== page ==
Jim Beauregard's Tasting Notes: Pilsners evoke a fall trip to Germany
Experience, and the advice of friends. Those are my two unerring sources of finding good beer.
The last time I was in Germany, Wendy and I sat on a cruise ship going up the Mosel River where Bitburger, a German Pilsner, was one of the beers being served. I had had it many years before in the same region and so automatically ordered one. It was bright, unbelievably smooth, and perfect for a sunny fall day.
On coming home, our friend Chris Cook, who had lived in Germany for a number of years, commented that Warsteiner, another German Pilsner, was his personal favorite. Following his advice we tried that too, and found another good one.
Well, I had picked up some Warsteiner the other day at Fresh Food in Bedford. Last Saturday I also paid a visit to Bert's Better Beers in Hooksett to find both Bert and Ron (and family) hard at work with many new selections in the store. I picked up some new Trappist ales that you will hear about next week, but also a six-pack of Bitburger for a comparison Pilsner tasting. Here it is:
Bitburger Premium Beer, 4.8% alcohol by volume, $9.65/six-pack, Bert's Better Beers, Hooksett.
Small to medium-size head. Yellow gold beer in the glass with good carbonation. The nose is all hops, with citrus, the lemon range, and some slight hint of spice. The palate is dry with medium-plus bitterness, good acidity, low tannin, and medium carbonation. Low alcohol, very well integrated into the blend. Medium to light body for the overall Pilsner range. Medium intensity flavors of citrus, lemon grass, some pine notes. The bitterness, is quite frankly, out of balance and too strong here for me.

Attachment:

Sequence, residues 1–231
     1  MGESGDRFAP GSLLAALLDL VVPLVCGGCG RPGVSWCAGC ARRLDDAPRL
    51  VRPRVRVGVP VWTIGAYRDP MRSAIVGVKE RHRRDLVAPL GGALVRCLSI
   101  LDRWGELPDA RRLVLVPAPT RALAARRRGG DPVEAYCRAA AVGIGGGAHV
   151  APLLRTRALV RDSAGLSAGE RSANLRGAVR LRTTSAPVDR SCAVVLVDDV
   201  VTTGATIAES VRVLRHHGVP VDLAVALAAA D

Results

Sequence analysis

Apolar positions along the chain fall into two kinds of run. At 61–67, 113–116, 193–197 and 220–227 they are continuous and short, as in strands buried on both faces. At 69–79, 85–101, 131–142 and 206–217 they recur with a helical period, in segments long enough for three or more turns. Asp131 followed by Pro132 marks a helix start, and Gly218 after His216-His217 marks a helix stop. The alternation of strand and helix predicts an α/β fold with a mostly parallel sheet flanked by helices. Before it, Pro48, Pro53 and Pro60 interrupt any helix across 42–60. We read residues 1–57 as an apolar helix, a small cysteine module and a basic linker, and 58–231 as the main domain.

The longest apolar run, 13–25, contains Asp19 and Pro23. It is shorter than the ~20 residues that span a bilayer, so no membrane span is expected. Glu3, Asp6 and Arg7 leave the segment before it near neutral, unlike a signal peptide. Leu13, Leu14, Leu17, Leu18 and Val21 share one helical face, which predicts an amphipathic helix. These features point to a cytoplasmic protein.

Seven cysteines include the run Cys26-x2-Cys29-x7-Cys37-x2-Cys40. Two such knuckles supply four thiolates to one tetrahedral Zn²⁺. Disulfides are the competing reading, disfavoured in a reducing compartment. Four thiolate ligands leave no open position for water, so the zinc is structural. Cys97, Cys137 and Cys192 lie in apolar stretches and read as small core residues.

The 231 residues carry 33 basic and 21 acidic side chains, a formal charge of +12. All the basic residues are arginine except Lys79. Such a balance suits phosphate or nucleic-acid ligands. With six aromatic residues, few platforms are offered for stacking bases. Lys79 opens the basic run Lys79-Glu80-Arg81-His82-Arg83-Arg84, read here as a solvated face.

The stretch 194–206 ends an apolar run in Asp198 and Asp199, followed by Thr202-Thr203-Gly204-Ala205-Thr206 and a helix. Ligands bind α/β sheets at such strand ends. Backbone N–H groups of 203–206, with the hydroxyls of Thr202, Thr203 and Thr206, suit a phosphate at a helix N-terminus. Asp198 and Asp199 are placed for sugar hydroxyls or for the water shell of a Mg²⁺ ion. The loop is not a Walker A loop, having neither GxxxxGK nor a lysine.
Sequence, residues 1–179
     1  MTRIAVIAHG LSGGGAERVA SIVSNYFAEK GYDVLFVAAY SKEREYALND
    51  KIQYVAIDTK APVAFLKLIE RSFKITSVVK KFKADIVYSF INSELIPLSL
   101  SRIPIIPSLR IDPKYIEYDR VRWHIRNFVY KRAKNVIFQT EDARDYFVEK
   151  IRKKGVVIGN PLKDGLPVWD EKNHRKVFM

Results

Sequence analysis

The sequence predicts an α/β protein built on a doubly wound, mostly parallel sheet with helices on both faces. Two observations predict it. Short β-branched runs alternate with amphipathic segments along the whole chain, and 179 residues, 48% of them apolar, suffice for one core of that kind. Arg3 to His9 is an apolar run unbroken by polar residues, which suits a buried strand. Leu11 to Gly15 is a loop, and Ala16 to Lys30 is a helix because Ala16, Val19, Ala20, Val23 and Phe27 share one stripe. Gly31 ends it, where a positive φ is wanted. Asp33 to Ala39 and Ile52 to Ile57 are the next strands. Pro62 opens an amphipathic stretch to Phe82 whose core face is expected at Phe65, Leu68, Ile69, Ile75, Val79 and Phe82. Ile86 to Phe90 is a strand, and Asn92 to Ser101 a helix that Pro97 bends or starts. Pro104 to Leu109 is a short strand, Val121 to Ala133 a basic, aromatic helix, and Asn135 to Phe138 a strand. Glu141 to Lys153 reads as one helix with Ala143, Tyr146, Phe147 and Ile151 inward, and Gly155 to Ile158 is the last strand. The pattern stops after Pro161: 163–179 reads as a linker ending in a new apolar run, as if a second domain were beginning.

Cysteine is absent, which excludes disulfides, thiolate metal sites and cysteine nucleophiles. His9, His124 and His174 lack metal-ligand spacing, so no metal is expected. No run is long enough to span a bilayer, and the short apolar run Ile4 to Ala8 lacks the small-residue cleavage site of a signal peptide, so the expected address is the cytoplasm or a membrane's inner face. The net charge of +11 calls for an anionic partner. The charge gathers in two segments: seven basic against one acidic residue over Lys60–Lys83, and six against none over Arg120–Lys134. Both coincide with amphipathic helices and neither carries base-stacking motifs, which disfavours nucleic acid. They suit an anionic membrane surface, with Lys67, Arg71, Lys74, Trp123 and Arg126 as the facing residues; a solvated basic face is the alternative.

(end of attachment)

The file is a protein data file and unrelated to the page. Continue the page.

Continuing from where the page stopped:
Good quality, but not great, and certainly not as good as the Bitburger I had in Germany. Does this mean I won't drink it? Fat chance. Good for a warm summer day, or fall night.
Warsteiner Premium Verum, 4.8% abv. Fresh Foods Market, Bedford. We are also clearly in the Pilsner ballpark here. Medium white head, frothy over creamy. Where the Bitburger has the market cornered on bitterness, this one has the market cornered on smooth. Predominately hops nose, but with some malt in the background. The palate is also dry, with medium to medium-minus bitterness, well integrated, slightly less acidity than the Bitburger, medium alcohol that is again well integrated. Medium to light body, medium texture, medium flavor intensity predominating in the hops end of the spectrum with citrus, lemon, and a general hoppy notes. There is also some enjoyable malt in the background here, showing up as bread, green, and a tiny hint of toast.
Let me put it this way: When I'm in Germany I'll drink their Bitburger, but when I'm here Warsteiner would be my first choice. They are both good beers; go with the Bitburger if you're someone who loves a higher range of hops bitterness, go with the Warsteiner if smooth is what you're seeking.
Next Week: La Trappe — four genuine Trappist Ales, new to New Hampshire. And maybe some wine too.
Contact local beer and wine writer Jim Beauregard at firstname.lastname@example.org
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